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Navy Veteran Killed In Thousand Oaks Shooting Had Survived Las Vegas Shooting
Navy veteran Telemachus Orfanos survived last year’s mass shooting in Las Vegas that killed 59 people, but on Wednesday night he was gunned down in another shooting, this time in Thousand Oaks, California.
Orfanos served as a sonar technician surface seaman from June 2011 until December 2013, according to his official Navy record. After completing his training in anti-submarine warfare, he served aboard the Military Sealift Command ocean surveillance ship USNS Able from April until December 2013.
He left the Navy as an E-3 and his awards include the National Defense Service Medal, Global War on Terrorism Medal, and Pistol Marksmanship Ribbon.
His father Marc told the Washington Post that the younger Orfanos enjoyed going to shooting ranges while in the Navy. When his son moved back with his parents afterward, he asked if he could keep a gun in the house but they said no, Marc Orfanos told the newspaper.
“My take is that if there’s a gun in the house, there’s always a possibility of an accident, or of suicide,” Marc Orfanos said. “It increases the odds.”
Telemachus Orfanos also loved country music, and that is why he was attending the Oct. 1, 2017 Route 91 Harvest Festival in Las Vegas when a gunman opened fire at the crowd, his father told National Public Radio.
Marc Orfanos said his son was traumatized by the shooting, during which he helped carry severely wounded people out of the kill zone, the Washington Post reported.
Susan Orfanos has made an emotional appeal for gun control legislation in the aftermath of her son’s death.
“My son was in Las Vegas with a lot of his friends and he come home,” she told ABC’s Los Angeles affiliate. “He didn’t come home last night, and I don’t want prayers; I don’t want thoughts; I want gun control and I hope to God nobody else sends me any more prayers. I want gun control. No more guns.”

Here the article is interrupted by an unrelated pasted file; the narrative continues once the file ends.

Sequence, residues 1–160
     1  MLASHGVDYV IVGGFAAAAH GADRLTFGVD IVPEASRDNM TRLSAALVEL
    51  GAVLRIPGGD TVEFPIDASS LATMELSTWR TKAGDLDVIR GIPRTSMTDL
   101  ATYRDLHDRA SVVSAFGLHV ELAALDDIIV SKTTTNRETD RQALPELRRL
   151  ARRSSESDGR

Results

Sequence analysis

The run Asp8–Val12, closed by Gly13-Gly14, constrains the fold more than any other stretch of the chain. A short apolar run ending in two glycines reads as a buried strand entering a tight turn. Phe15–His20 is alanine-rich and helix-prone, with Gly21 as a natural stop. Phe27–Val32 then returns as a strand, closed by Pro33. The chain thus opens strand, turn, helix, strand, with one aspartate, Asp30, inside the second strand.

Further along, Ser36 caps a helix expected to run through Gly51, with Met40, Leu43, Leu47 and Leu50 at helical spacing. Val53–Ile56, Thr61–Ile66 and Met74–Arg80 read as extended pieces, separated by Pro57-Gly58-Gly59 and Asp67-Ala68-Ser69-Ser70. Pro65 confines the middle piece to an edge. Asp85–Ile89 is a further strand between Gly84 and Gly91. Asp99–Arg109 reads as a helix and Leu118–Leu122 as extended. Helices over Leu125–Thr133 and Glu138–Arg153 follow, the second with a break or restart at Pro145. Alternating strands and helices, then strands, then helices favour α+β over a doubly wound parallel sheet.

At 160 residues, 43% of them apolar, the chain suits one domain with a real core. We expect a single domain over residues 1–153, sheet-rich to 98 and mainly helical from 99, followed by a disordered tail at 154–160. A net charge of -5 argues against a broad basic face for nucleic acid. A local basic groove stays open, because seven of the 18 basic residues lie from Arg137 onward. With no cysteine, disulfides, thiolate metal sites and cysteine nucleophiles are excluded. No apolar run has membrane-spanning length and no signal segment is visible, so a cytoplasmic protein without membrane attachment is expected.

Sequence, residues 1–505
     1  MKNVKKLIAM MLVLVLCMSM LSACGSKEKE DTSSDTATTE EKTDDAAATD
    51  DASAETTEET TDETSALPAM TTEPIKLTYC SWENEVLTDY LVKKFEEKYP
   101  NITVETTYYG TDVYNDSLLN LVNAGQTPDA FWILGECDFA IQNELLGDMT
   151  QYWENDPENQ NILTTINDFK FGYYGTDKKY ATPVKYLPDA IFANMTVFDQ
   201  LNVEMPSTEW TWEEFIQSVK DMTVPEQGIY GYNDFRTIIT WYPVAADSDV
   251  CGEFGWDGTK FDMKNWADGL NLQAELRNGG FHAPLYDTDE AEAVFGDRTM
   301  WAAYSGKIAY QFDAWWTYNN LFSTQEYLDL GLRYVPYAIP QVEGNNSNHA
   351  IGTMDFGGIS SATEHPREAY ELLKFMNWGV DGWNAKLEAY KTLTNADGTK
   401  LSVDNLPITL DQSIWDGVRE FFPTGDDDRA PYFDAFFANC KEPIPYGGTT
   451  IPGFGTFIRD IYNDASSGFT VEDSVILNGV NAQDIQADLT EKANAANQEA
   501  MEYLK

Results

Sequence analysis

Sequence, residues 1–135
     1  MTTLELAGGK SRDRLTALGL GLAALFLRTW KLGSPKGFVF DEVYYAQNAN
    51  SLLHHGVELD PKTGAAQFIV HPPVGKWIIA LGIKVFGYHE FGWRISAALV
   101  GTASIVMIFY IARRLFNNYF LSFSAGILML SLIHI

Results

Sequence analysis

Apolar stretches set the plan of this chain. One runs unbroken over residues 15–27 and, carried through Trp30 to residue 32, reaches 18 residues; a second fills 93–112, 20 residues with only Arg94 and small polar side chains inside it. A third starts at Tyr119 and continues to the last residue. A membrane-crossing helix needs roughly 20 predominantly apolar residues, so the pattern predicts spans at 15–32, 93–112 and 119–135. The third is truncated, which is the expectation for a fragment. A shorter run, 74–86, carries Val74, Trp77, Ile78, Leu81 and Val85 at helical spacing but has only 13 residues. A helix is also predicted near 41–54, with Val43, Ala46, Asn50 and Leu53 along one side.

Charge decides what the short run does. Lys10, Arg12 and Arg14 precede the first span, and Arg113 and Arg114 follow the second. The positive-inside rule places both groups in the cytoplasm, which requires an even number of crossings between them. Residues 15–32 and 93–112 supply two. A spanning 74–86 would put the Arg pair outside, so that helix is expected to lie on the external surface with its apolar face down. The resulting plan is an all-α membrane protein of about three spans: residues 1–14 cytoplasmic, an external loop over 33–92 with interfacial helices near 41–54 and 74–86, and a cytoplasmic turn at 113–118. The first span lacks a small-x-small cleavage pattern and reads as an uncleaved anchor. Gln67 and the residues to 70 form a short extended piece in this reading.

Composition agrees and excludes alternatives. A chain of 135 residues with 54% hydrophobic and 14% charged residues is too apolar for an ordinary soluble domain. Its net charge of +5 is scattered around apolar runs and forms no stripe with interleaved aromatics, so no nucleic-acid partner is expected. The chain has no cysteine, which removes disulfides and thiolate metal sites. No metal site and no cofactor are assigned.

SACRAMENTO, Calif. — As many as 380 Americans on the Diamond Princess cruise ship docked in Japan – which has nearly 300 passengers who have tested positive for the deadly coronavirus, now known as COVID-19 – will be extracted Sunday from Yokohama and flown to Travis Air Force Base near Fairfield and a Texas base for further quarantine.
The Army wants more soldiers, and it's using esports to put a 'finger on the pulse' of potential recruits
Editor's Note: This article originally appeared on Business Insider.
After whiffing on its recruiting goal in 2018, the Army has been trying new approaches to bring in the soldiers it needs to reach its goal of 500,000 in active-duty service by the end of the 2020s.
The 6,500-soldier shortfall the service reported in September 2018 was its first recruiting miss since 2005 and came despite it putting $200 million into bonuses and issuing extra waivers for health issues or bad conduct.
Within a few months of that disappointment, the Army announced it was seeking soldiers for an esports team that would, it said, "build awareness of skills that can be used as professional soldiers and use [its] gaming knowledge to be more relatable to youth."
ALBUQUERQUE, N.M. — A New Mexico Army National Guard soldier from Mountainair, who served as a police officer and volunteer firefighter in the town, died Thursday from a non-combat related incident while deployed in Africa, according to the Department of Defense.
A news release states Pfc. Walter Lewark, 26, died at Camp Lemonnier, Djibouti where he was supporting Operation Enduring Freedom in the Horn of Africa.
WASHINGTON — The Pentagon is requesting about as much money for overseas operations in the coming fiscal year as in this one, but there is at least one noteworthy new twist: the first-ever Space Force request for war funds.
Officials say the $77 million request is needed by Oct. 1 not for space warfare but to enable military personnel to keep operating and protecting key satellites.
NEW YORK (Reuters) - U.S. prosecutors on Thursday accused Huawei of stealing trade secrets and helping Iran track protesters in its latest indictment against the Chinese company, escalating the U.S. battle with the world's largest telecommunications equipment maker.
In the indictment, which supersedes one unsealed last year in federal court in Brooklyn, New York, Huawei Technologies Co was charged with conspiring to steal trade secrets from six U.S. technology companies and to violate a racketeering law typically used to combat organized crime.